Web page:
It turns out that there are many varied tools to manage a KVM environment -- actually, far too many to adequately...
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list here. But there are a handful of potential candidates worth considering.
First is the open source oVirt tool. Like virt-manager, oVirt relies on Linux libvirt to manage VMs. OVirt supports centralized management or VMs and resources through a web-based portal, and handles enterprise-class storage protocols including Fibre Channel, iSCSI and NFS. OVirt handles features like high availability and live migration. As of release 4.1.1, oVirt officially supports KVM on x86 64-bit systems, but KVM on other processor architectures such as POWER and ARM may be supported in the future.
Mist.io is a both an open source tool and a freemium service designed for full-featured support of an entire infrastructure that includes a KVM environment, VMware hypervisors and containers -- both Docker and Kubernetes -- and bare-metal management. Mist.io also extends to both public and private clouds for full hybrid environment management. Mist.io can create, restart and remove VMs, access metadata, tag and search VMs, schedule and run scripts and provide monitoring, alerting and automation.
Proxmox Virtual Environment (Proxmox VE) is an open source virtualization management tool that supports both LXC for containers and KVM for VMs. Proxmox VE handles high availability, live migration, bridged networking, templates, scheduled backups and supports a variety of storage options. Proxmox VE operates through a command-line interface, a web-based console and an API for access through outside tools.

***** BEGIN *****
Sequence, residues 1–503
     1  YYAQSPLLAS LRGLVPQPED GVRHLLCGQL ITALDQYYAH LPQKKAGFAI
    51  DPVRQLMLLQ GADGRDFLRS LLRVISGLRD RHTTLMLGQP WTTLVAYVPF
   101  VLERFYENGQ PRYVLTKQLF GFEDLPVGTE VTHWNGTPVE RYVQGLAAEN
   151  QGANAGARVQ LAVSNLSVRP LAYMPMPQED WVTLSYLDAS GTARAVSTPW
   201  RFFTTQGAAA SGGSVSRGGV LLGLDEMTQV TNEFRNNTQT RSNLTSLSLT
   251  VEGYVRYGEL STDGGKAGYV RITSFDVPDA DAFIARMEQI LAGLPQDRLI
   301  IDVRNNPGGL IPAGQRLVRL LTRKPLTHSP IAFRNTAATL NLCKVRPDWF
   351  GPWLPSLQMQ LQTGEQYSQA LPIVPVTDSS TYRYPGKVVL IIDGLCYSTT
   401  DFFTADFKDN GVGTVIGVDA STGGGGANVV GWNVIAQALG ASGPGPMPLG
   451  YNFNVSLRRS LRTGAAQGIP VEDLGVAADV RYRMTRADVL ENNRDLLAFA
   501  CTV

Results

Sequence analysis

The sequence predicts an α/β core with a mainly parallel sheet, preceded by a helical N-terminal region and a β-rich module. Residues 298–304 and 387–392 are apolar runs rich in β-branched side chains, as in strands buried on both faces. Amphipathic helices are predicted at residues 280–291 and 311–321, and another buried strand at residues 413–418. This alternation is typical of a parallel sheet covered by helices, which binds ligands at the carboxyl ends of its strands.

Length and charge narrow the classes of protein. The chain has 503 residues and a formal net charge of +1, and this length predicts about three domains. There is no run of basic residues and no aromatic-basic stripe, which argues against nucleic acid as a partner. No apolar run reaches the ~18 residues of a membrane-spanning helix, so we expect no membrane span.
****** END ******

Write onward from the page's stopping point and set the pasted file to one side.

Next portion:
A fourth option is Kimchi, which supports a KVM environment through a web-based management format. Kimchi 2.3 is lightweight and installs over KVM and Linux, so you don't need a dedicated management server. It then accesses the KVM host to create and manage KVM guests, create storage instances, manage network resources -- such as VLANs and NAT -- and so on. Kimchi uses HTML5, so it can function from any OS or device.
These are only a small sampling of management options for a KVM environment. A more extensive list of management tools -- from basic hypervisor managers to comprehensive cloud management tools -- can be found on the KVM website.
Linux is gaining traction in the enterprise, especially among cloud and service providers that depend on open source platforms. This demands support for virtualization, and has underscored the need for an efficient hypervisor to boost resource utilization for both development and production workloads. KVM provides a hypervisor module for the Linux kernel, but it's vital that IT professionals understand how KVM fits, what its capabilities and limitations are and how it can be effectively managed.
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